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31 Days of a Sparkling Vintage Summer, Day 22: Preserve summer’s bounty

canning adPerhaps you took to heart my farmer’s market post, got a little carried away, and are now wondering what to do with the abundant yield now overflowing from your fridge and counters. Or your garden is putting forth fabulous food faster than you and your family can eat it. If so, consider doing some home canning, that time-honored method of food preservation.

I didn’t learn how to can until quite recently. I never saw my mother or grandmothers do any canning. In fact–city women all–they seemed rather relieved that, in this day and age, they didn’t have to. Moving to a rural area and tasting the delights of home-canned fruits and vegetables made me interested in learning the process, and so not long ago a friend took me under her wing and showed me the basics.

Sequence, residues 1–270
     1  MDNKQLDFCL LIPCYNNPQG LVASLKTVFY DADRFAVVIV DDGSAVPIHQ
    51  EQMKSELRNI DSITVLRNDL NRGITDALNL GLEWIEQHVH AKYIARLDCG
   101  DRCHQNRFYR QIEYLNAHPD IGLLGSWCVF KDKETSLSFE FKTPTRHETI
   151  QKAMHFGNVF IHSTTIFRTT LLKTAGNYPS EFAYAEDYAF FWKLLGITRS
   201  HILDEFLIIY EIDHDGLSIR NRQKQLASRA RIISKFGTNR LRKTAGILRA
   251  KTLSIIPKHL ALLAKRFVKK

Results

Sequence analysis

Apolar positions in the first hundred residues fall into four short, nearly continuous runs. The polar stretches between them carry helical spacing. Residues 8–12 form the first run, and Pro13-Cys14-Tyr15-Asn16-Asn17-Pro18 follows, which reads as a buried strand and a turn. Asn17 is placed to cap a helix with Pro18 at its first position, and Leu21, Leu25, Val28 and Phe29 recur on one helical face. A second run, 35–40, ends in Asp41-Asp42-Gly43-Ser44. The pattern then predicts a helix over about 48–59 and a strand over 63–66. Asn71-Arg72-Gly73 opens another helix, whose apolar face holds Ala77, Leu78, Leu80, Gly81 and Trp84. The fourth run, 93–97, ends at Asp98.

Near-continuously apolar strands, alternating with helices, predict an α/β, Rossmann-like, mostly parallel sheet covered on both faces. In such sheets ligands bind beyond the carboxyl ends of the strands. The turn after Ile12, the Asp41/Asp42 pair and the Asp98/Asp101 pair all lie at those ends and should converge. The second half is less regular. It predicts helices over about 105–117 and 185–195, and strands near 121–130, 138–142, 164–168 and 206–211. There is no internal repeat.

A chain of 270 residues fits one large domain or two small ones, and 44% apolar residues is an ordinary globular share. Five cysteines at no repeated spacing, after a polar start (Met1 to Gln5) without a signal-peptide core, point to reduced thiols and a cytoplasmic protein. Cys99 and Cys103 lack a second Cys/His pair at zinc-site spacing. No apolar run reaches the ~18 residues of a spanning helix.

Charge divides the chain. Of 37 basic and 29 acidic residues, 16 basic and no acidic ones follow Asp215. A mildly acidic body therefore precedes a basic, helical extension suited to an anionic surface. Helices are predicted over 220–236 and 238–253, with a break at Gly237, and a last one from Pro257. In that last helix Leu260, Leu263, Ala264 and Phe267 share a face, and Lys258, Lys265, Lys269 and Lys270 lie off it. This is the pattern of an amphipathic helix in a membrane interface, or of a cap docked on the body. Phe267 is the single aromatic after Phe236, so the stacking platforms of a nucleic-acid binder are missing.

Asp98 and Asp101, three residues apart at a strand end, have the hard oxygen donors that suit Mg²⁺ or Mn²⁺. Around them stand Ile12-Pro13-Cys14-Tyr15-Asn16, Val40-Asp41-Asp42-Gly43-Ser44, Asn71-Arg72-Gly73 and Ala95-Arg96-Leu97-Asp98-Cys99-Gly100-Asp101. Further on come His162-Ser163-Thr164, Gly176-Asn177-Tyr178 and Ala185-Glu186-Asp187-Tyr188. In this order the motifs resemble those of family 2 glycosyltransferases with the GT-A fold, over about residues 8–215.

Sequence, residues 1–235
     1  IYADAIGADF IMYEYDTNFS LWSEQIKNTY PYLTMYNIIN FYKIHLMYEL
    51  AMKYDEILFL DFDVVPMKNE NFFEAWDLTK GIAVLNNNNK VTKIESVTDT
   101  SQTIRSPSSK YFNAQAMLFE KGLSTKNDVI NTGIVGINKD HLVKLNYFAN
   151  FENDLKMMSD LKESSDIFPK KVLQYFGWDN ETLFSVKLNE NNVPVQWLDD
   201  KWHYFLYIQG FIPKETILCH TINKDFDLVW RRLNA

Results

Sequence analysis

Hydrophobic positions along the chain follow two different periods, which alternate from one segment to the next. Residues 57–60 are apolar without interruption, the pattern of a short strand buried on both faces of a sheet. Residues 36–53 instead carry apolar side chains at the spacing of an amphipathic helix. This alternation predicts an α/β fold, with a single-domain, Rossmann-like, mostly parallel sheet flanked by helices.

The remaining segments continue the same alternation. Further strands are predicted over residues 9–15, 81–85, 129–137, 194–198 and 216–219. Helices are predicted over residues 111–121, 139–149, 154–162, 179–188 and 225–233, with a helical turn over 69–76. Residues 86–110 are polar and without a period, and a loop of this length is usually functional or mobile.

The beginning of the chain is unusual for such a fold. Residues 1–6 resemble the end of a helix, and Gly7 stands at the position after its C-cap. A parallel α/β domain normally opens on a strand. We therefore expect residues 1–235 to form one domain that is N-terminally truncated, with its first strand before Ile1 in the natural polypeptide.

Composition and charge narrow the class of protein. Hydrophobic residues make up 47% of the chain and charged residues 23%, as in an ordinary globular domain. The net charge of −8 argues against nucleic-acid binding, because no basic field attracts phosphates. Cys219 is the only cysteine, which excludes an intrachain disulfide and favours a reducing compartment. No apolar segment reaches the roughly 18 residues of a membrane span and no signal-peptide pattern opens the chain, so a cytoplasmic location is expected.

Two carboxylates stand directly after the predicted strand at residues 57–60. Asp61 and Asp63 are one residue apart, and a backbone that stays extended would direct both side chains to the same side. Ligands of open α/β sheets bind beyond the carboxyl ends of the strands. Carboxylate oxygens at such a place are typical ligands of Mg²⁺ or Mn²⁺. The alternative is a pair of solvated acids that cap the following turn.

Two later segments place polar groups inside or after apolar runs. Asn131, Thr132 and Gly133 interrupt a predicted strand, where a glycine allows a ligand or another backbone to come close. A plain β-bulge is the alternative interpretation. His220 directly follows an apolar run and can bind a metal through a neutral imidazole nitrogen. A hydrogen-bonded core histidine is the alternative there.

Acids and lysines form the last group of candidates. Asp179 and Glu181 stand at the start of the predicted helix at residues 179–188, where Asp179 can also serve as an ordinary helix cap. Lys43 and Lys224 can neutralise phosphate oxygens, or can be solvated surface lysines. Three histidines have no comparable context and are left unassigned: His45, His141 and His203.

If you’re new to canning, the Internet is filled with tutorial help. I like the information put out by Ball (suppliers of that most basic canning supply, the Mason jar, who mason jarpresumably know what they’re talking about). If you’re an experienced canner from way back, give us novices your best tips in the comments.

Try it. All it takes is some time and know-how and a little practice. And come winter, when you can pull that jar of pickled green beans or spiced apples off the shelf and place a bowl of summer sunshine on your dining table, with the satisfaction of knowing everything that went into it, you’ll be glad you did.

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